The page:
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Most public debates do not end through resolution. Most public debates end through unspoken concession. It is rare that everyone universally will agree that any specific theory is true; what happens more often is that the controlling majority slowly will concede that no one still believes said theory's opposite (and the argument consequently disappears). For example, no one still believes that Lee Harvey Oswald acted alone. No one still believes that "Sgt. Pepper" is the best record of the rock era. No one still believes that global warming isn't happening. These are debates the world has generally stopped having. And a similar phenomenon has happened in Division I college football: At this point, no one still believes the NCAA shouldn't create a collegiate playoff.
Except, I guess, me.
I am against a playoff system for major college football. I feel crazy even typing that sentiment, because I've been socialized to believe that holding this philosophical position is akin to arguing that Shawn Kemp is gay. But the more I think about it, the more I believe I am right. A playoff system would be bad for the sport, it would makes things no more "meaningful" than the way things are now, and -- somewhat selfishly -- it would significantly decrease the value of my own existence.
I realize no one else feels this way. I do not care.
While waiting for Midnight Mass on Christmas Eve, I sat in my parents' basement and watched Hawaii play Arizona State in the Hawaii Bowl. Hawaii's Colt Brennan (who throws with more velocity and accuracy than any QB in the country, including Brady Quinn) passed for 559 yards and five touchdowns. The evening before, I had watched Utah run a hook-and-ladder off a bubble screen versus Tulsa. As I write this very column, Kentucky has attempted a fake punt against Clemson (inside its own 20) and Missouri's tight end has just thrown a 29-yard touchdown pass against Oregon State.¹ And you know what? I am interested in all of these teams. I can't explain why, but I am. And I know that being able to watch 20 or 30 bowl games just like these is better than finding out who the "true" the national champion is, particularly since a playoff merely would allow the best team in the country to win the national championship about 49.9 percent of the time.²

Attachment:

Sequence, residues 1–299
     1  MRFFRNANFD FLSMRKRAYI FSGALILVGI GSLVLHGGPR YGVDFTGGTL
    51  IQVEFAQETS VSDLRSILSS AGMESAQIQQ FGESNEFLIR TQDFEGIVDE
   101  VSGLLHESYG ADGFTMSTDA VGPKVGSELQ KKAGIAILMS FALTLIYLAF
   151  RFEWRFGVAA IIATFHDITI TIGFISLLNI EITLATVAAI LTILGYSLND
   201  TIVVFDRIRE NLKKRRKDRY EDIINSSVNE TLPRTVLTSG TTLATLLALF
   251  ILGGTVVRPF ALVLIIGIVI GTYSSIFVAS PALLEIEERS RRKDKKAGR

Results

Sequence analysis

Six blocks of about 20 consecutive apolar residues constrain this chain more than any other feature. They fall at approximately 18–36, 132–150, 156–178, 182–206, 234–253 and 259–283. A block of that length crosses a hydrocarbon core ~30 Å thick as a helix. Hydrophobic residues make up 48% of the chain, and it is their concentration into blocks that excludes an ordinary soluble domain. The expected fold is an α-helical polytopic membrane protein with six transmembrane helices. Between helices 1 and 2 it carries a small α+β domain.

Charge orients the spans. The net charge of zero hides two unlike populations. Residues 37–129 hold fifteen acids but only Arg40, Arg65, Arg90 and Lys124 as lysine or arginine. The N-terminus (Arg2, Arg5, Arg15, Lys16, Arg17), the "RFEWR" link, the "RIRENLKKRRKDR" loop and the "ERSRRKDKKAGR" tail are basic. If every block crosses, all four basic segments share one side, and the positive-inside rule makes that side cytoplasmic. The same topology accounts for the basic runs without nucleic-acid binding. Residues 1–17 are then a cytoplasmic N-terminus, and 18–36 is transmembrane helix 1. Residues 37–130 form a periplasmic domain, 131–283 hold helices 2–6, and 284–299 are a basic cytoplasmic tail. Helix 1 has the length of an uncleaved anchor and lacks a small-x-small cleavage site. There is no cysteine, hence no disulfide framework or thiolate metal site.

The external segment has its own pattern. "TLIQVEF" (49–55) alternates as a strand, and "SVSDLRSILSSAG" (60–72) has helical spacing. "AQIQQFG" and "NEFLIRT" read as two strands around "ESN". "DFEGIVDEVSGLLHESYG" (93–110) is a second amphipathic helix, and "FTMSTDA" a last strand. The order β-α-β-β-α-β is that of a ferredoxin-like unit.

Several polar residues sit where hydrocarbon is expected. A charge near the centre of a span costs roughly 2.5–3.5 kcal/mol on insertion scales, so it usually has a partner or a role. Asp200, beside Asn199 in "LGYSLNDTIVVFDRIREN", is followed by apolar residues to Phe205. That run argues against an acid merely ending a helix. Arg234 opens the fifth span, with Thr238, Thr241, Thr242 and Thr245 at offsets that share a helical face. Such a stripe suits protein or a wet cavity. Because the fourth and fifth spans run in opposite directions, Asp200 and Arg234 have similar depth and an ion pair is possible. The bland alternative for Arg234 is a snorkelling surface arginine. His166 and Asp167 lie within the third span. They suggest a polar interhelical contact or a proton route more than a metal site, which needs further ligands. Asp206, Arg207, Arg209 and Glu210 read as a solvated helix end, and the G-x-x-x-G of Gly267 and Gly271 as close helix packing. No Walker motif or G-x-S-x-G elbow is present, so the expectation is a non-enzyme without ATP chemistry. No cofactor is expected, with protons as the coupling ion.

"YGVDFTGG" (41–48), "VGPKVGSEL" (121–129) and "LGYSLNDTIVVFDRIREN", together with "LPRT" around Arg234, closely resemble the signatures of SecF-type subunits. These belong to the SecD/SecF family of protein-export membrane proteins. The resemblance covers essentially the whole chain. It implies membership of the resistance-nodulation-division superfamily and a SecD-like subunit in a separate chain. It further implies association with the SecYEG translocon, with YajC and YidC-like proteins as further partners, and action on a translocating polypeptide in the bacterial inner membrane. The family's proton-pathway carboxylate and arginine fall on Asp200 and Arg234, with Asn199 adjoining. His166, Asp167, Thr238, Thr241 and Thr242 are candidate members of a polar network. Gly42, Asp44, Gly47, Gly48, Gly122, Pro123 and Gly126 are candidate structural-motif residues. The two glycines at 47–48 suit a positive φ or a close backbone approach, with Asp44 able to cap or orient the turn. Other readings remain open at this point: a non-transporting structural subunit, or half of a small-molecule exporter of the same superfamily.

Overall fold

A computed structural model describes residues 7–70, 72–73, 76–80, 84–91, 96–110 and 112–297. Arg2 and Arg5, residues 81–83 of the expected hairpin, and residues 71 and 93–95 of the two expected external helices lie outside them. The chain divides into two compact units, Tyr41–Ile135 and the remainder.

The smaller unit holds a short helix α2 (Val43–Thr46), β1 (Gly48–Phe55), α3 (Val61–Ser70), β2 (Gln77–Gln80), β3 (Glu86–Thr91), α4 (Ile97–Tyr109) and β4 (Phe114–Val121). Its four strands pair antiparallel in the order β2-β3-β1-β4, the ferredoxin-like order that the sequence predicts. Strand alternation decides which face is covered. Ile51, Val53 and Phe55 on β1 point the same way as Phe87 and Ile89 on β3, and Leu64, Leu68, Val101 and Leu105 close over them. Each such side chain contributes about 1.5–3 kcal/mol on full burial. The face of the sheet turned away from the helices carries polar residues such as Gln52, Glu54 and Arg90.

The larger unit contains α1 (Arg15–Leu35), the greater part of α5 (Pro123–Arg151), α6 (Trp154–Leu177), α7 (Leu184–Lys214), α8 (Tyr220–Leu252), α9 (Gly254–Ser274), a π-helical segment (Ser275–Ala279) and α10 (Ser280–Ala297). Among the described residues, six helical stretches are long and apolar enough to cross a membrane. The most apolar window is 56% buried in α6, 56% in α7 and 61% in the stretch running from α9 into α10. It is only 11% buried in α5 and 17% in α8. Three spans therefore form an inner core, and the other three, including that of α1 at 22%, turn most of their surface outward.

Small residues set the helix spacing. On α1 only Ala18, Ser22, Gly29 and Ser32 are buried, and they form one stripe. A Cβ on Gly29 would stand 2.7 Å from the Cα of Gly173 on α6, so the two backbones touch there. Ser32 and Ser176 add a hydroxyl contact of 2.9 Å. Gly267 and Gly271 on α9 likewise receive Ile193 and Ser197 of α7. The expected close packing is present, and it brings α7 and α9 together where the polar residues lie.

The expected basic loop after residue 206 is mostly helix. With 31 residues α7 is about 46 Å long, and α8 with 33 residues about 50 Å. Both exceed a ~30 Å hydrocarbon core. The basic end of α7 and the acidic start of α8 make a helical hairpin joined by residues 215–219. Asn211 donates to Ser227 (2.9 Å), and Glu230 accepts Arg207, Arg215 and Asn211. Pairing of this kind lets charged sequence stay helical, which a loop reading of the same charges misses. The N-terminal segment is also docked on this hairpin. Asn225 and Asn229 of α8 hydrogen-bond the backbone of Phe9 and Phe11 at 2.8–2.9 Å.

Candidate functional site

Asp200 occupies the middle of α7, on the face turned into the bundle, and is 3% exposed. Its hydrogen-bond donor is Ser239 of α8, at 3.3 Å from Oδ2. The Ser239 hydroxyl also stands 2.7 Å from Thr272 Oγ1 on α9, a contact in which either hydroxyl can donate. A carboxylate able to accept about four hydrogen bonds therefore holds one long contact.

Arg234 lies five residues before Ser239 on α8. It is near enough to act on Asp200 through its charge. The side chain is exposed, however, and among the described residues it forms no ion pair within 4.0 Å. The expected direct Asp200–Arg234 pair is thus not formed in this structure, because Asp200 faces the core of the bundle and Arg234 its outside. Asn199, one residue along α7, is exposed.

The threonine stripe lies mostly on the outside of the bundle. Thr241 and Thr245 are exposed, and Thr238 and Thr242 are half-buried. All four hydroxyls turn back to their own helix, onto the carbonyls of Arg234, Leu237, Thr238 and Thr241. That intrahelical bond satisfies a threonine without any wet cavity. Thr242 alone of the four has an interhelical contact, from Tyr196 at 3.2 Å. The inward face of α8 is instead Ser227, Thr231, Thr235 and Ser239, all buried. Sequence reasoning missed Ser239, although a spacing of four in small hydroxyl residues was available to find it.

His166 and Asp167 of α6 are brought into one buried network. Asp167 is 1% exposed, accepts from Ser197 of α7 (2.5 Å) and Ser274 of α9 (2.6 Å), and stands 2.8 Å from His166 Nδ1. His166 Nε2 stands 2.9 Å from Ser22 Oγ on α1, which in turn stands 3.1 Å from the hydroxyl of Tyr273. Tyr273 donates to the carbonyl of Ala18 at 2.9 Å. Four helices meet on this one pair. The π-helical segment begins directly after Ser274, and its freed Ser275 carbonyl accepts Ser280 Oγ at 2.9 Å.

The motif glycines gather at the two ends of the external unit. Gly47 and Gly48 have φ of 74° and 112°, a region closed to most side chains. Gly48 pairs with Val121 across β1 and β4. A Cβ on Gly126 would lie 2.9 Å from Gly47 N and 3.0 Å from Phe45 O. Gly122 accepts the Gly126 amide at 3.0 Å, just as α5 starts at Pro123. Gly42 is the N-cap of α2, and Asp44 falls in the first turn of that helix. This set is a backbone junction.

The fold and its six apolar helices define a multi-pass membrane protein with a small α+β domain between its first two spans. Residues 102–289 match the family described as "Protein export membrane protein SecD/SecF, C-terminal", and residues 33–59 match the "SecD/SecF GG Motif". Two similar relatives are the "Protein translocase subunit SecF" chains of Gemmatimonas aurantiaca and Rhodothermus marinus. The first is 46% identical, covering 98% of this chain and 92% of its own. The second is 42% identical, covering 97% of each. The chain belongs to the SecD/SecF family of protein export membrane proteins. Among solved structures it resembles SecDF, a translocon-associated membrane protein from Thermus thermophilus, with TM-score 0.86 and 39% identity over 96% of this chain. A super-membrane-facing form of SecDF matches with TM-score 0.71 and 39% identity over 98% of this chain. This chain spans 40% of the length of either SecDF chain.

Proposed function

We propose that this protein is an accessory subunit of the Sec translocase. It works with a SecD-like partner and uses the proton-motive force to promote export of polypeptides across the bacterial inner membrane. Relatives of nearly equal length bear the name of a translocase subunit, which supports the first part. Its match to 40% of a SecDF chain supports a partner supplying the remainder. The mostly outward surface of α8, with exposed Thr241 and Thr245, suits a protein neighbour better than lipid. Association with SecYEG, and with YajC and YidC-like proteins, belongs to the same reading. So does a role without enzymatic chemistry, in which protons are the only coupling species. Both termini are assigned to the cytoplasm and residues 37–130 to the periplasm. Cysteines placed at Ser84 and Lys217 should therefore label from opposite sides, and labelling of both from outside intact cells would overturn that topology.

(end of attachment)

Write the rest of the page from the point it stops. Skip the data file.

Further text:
Watching college football on television is probably the best thing about my life. This is not as depressing as it might seem. There are certainly better things in the world than watching football, but they all have a cost: They either require money or energy or emotional compromise, or they further compound the damage on the internal organs I need to remain alive. But watching college football on television is a bargain; all I have to do is wake up. It's always entertaining. It always makes me happy, even in August. And I know this wouldn't be the case if the NCAA had a playoff structure. College football is the only American sport that is unilaterally intriguing -- the season's beginning is as good as its middle, which is often as good as its end. Here is an abbreviated list of college football games from 2006 that I was obsessed with watching:
1. Ohio State vs. Michigan
2. Ohio State vs. Texas
3. LSU vs. Arkansas
4. Rutgers vs. West Virginia
5. Rutgers vs. Louisville (which I missed)
6. West Virginia vs. Louisville
7. Florida State vs. Miami (this was extremely early in the season)
8. Florida vs. LSU